We must prioritize because we can only focus on a few business opportunities at a time. Prioritization should help us maintain both incremental progress as well as momentum for our long-term objectives. Prioritization is a force that relies on sound judgment, self-discipline, and some helpful pressure from others.
If you have lots of leads, you probably have the tendency to get involved with or start lots of business opportunities. Leads can require tremendous amounts of mental energy, from capturing and organizing the elements to actually applying your creative talents to solve problems and complete your sales plan. Energy is your most precious commodity. Regardless of who you are, you have only a finite amount of it.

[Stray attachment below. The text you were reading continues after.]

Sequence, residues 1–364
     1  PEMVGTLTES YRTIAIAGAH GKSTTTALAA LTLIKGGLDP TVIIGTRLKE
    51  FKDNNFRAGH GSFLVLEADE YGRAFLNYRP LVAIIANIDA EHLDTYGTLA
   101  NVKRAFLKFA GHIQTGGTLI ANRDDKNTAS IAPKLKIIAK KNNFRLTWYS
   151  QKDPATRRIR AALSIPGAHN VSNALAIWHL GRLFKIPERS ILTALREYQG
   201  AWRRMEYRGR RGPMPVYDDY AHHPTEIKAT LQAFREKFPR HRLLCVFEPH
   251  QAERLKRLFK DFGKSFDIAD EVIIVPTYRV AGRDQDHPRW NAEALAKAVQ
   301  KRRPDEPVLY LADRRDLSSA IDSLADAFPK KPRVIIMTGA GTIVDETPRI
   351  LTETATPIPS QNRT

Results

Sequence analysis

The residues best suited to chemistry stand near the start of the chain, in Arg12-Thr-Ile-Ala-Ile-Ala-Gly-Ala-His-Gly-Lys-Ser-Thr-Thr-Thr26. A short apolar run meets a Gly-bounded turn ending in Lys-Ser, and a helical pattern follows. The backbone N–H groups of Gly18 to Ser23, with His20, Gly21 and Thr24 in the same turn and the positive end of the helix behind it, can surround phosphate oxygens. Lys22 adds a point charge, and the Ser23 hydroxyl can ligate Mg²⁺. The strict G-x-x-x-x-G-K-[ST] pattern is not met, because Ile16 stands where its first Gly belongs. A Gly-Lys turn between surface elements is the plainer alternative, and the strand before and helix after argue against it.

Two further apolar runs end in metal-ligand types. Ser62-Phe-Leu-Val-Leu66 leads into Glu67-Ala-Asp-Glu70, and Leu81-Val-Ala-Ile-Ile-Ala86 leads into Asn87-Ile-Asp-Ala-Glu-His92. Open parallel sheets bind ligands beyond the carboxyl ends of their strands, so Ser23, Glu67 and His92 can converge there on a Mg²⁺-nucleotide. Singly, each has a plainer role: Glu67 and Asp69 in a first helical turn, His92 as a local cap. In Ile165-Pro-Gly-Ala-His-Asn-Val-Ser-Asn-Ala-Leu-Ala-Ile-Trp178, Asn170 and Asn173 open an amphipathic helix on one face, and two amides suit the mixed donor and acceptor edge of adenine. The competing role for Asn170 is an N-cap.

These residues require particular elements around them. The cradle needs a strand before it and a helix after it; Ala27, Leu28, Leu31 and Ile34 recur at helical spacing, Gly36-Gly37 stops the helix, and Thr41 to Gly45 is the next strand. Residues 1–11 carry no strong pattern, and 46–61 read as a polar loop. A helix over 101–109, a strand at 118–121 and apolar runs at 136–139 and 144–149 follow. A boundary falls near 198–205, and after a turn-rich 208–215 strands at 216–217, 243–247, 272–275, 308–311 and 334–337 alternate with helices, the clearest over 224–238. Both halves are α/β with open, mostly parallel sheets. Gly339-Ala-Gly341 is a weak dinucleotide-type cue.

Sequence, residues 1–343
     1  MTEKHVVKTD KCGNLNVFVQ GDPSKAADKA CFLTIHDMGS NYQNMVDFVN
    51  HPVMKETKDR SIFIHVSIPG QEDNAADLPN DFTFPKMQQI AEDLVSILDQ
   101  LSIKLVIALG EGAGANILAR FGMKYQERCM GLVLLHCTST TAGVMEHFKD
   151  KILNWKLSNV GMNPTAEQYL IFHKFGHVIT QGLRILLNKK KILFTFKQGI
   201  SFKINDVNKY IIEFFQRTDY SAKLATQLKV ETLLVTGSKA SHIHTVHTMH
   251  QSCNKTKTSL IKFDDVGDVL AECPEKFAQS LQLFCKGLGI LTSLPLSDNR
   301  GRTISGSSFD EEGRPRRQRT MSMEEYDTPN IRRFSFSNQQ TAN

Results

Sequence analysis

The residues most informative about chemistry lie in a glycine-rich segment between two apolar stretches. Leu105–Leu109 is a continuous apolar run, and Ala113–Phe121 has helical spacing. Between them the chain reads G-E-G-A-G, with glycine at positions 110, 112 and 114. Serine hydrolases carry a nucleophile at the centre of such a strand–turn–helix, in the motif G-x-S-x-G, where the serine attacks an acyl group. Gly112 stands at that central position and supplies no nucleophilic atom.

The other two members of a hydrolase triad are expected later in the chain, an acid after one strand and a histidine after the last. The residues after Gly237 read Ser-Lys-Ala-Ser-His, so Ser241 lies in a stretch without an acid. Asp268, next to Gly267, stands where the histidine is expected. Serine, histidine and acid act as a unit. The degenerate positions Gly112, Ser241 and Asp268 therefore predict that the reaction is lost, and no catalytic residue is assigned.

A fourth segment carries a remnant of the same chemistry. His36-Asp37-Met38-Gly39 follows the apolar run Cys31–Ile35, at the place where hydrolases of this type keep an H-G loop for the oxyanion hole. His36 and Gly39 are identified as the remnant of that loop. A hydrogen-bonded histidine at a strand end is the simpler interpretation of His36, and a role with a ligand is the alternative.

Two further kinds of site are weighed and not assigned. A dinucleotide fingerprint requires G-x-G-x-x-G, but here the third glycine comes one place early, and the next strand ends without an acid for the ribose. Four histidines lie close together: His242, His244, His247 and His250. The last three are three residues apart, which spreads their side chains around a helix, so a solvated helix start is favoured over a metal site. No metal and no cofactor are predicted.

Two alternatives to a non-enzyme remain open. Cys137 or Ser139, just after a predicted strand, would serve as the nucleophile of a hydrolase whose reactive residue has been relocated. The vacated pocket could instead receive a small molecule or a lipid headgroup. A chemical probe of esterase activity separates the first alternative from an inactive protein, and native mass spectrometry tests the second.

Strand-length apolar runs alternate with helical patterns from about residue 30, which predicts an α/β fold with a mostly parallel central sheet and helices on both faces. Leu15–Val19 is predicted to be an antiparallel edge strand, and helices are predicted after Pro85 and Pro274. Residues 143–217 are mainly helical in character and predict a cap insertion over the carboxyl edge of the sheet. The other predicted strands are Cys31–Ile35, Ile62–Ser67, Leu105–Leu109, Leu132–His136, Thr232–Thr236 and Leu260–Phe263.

As you decide where to focus your precious energy, visualize all of your business opportunities along a spectrum that starts at “Extreme” and goes all the way down to “Idle.” How many resources, time, and energy should your current opportunities receive?
If you were to place your business opportunities along the spectrum, the main leads would be placed on the “Extreme” end of the spectrum, and the others would be placed accordingly farther down toward “Idle.”
Keep in mind that you are not placing your leads along the spectrum based on how much time you are spending on them. Rather, you are placing your leads according to how much energy they should receive based on their importance and according to their economic and strategic value.
Energy is a finite resource that is seldom managed well. Avoid spending a lot of time on leads that are interesting but perhaps not important enough to warrant such an investment of energy. You have to make the tough decisions about what leads need to live on “low energy” for a while.
It is hard to keep track of energy and where it’s being used. You need to organize a simple follow-up mechanism to help prioritize, measure, and adjust your energy allocation.
References: [Belsky, 2010] Making Ideas Happen